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TraditionalAnarchism

This is the place for an encyclopedic, not polemic, discussion of what Traditional Anarchism is all about.
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''Anarchism,'' in its socialist variety (see AnarchisM), is a movement dedicated to the abolition of illegitimate authority and the establishment of a social order without hierarchy.

Anarchy is frequently portrayed as chaos and anarchists as terrorists.  Proponents of any extant (i.e., non-anarchist) system equate its abolition with the abolition of all social order.  For example, in their time, Monarchists accused Republicans of seeking the destruction of all social order.  Very few anarchists are nihilists, however (see NihilisM).

Anarchism has a long and rich tradition.  Its philosophy and history begin with rejection of aristocracy and of capitalism and their hierarchical structures.  Anarchists reject the claims of the property owner and the landlord.  Having rejected private property, they reject the political machinery (the StatE) which defends and supports private property.  In place of private property, anarchism is based on personal possessions and democratically controlled communal property.

A simple and common objection to anarchism is that any notion of communal control implies something akin to a StatE.  Anarchists reply

The rejection of government is not essential to traditional anarchism, but derives from the desire to eliminate the political machinery which supports private property.  In any event, the rejection of the state entails the rejection of electioneering (see DemocracY).  Insofar as politics refers to the actions of power structures then anarchism seeks the abolition of politics itself.  Hence, it is helpful to regard anarchism as a social and economic movement with ramifications in the political sphere.  To regard anarchism as a political ideology, anarchists hold, is an error.  In place of political maneuvering, anarchists champion the use of direct action of which the general strike, occupation of workplaces and sabotage are prime examples.  Anarchists who engage in sabotage do to impair or destroy the machinery of capitalism and not to terrorize otherwise innocent people.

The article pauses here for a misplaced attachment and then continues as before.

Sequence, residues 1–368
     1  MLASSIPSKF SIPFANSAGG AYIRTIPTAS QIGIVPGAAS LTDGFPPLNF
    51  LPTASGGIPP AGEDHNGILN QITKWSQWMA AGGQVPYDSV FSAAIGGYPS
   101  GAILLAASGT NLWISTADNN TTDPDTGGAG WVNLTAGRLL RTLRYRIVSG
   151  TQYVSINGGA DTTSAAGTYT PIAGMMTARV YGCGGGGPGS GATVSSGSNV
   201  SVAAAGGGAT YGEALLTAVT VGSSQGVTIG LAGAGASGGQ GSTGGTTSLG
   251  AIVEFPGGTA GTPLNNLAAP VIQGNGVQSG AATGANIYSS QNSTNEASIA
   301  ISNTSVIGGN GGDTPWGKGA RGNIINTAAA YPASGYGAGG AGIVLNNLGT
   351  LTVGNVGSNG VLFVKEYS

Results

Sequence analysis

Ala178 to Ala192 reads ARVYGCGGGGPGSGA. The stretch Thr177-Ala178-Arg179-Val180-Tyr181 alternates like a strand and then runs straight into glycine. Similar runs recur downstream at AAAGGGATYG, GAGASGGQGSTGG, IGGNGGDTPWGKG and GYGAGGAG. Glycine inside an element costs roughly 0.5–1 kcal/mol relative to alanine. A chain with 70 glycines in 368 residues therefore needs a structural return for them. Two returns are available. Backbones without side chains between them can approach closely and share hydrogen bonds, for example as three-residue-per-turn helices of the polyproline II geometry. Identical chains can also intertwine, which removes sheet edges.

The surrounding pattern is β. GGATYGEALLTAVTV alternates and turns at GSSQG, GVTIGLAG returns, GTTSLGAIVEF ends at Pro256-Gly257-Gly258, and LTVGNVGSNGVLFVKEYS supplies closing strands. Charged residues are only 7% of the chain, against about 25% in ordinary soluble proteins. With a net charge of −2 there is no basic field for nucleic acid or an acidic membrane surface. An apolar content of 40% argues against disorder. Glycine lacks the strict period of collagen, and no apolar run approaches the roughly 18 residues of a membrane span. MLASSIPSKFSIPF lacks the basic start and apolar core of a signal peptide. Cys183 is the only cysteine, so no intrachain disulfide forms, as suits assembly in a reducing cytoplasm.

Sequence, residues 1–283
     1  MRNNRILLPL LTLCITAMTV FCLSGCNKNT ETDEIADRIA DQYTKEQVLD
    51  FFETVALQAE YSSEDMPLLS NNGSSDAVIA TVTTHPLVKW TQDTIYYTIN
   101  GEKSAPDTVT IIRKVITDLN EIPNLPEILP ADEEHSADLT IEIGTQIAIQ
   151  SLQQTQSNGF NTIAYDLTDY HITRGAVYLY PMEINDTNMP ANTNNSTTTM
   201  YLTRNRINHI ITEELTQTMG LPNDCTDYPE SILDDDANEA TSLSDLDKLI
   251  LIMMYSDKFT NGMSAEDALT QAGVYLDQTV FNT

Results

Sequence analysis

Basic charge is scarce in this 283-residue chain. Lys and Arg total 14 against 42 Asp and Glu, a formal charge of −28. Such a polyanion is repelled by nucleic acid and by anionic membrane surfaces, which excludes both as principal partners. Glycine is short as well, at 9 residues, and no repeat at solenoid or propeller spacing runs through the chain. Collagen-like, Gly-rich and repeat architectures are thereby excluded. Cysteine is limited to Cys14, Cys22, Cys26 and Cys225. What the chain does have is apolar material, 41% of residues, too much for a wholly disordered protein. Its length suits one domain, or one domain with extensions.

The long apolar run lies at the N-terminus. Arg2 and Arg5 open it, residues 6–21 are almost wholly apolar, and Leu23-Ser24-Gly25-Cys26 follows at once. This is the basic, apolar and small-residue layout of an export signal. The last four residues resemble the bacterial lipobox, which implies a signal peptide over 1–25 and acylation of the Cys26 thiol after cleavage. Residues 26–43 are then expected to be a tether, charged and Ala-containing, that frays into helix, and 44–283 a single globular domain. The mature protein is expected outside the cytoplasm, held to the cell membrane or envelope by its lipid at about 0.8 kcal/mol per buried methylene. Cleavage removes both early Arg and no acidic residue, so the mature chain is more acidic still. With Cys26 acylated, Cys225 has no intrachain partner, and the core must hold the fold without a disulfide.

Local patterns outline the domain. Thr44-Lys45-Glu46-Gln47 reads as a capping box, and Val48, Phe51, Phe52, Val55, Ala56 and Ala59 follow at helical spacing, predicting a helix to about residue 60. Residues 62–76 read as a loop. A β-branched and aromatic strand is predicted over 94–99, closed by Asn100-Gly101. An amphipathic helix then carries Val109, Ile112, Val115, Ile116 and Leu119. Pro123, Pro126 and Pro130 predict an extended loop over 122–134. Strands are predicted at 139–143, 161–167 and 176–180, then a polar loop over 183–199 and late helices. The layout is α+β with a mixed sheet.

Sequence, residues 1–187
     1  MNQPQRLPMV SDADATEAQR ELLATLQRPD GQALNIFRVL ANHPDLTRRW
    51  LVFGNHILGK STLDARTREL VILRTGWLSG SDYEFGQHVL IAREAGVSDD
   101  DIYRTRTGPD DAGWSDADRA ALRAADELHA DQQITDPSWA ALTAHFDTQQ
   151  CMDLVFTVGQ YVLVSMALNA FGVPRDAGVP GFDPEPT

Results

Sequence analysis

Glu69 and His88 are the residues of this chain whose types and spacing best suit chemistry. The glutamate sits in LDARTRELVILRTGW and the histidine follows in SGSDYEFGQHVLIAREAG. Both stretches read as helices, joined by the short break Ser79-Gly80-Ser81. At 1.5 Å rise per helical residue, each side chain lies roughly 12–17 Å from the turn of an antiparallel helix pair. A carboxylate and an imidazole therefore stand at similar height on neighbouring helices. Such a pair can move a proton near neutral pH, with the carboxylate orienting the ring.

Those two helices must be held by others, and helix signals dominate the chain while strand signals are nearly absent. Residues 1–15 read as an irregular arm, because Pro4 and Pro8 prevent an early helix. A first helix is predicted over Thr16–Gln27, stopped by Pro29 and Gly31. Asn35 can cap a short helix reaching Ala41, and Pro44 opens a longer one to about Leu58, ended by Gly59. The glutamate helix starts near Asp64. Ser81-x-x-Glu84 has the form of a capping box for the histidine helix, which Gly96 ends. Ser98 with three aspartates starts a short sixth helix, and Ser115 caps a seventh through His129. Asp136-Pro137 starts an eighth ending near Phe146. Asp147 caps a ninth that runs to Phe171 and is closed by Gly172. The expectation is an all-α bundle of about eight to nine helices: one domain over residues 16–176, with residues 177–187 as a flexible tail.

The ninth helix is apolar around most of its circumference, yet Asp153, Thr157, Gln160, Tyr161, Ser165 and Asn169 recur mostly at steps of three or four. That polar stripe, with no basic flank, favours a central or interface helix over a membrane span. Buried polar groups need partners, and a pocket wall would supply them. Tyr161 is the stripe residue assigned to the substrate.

Before the twentieth century, "anarchism" strictly meant traditional, socialist anarchism.  By the mid-twentieth century, however, some radical proponents of CapitalisM began calling their view "anarchism" and in particular, ''AnarchoCapitalism.''  This usage is geographically limited to Austria and the Anglo-American countries.  Since the beliefs and actions of AnarchoCapitalists are rarely compatible with those of traditional anarchists, traditional anarchists do not regard the AnarchoCapitalists as anarchists.

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